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Article
April 1983

Cerebral Vascular Resistance in Premature Infants

Author Affiliations

From the Divisions of Neurology (Drs Daven and Milstein) and Neonatal Biology (Dr Guthrie), Department of Pediatrics, Children's Orthopedic Hospital and Medical Center, and the Division of Neurology, Department of Medicine, University of Washington Medical Center (Drs Daven and Milstein), Seattle.

Am J Dis Child. 1983;137(4):328-331. doi:10.1001/archpedi.1983.02140300010003
Abstract

• The cerebral vascular bed is a low-resistance system in which continuous forward or advancing diastolic blood flow can be demonstrated. This advancing flow increases progressively with vasodilation and decreases or is absent when vessels are constricted. By using the Doppler technique, an indirect assessment of vascular resistance can be made by comparing systolic and diastolic flow amplitudes. We examined nine premature infants and found that respiratory acidosis alone, or hypoxia and acidosis in combination, resulted in significant vasodilation. This effect was reversible when arterial blood gas tensions returned to normal. The results indicate that within a physiologic range of BPs, premature infants with acute respiratory distress can alter their cerebral vascular resistance in response to spontaneous changes in blood gas tensions.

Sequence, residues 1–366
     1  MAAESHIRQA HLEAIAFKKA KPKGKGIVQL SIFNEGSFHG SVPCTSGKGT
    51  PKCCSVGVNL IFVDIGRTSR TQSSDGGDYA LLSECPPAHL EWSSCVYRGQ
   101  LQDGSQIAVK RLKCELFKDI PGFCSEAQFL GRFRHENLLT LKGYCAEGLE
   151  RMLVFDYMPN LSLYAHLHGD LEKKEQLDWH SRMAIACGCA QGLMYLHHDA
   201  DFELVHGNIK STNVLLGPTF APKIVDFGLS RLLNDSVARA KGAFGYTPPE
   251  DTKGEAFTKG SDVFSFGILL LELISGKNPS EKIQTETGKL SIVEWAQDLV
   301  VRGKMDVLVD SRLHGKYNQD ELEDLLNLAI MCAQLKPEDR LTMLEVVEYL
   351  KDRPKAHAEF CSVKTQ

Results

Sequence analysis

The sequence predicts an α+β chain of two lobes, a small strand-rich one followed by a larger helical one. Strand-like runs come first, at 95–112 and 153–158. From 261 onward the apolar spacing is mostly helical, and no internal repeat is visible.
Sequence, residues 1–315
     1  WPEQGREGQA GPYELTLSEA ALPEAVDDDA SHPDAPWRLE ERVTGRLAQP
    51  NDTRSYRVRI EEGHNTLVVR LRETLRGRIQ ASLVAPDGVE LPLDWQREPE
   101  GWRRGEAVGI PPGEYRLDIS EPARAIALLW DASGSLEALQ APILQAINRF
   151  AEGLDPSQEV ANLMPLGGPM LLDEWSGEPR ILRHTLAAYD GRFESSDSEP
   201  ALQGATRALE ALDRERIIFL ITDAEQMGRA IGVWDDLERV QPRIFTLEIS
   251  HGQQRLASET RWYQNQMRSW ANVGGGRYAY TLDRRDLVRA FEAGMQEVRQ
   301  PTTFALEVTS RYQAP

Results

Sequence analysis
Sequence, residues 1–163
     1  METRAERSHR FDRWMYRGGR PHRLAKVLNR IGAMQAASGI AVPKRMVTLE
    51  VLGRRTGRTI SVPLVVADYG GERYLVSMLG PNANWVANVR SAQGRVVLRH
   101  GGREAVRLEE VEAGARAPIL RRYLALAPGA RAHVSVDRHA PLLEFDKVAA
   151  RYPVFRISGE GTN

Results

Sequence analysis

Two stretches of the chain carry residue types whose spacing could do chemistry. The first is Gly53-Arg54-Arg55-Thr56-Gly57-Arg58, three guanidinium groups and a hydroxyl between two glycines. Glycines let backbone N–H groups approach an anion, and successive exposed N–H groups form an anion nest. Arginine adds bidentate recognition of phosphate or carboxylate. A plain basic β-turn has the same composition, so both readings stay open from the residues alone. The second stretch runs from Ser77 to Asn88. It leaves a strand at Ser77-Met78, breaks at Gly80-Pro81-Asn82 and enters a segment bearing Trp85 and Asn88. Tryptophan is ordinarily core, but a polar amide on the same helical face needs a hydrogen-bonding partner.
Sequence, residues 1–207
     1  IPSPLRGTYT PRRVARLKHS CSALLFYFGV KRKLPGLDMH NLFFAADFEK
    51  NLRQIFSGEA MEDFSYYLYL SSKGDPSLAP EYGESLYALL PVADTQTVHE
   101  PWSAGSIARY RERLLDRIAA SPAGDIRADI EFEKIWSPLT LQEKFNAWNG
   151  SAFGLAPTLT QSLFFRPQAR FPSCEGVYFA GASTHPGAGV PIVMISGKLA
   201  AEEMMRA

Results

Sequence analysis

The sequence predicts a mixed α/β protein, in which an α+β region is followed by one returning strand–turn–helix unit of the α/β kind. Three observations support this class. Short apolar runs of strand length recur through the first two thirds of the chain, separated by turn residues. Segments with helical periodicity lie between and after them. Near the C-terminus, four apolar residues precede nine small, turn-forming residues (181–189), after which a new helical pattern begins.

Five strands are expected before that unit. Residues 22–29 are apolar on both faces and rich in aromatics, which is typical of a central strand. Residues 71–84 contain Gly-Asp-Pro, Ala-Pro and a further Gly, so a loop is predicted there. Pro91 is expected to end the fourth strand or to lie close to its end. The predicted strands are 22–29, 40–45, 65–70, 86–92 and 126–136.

(Am J Dis Child 1983;137:328-331)

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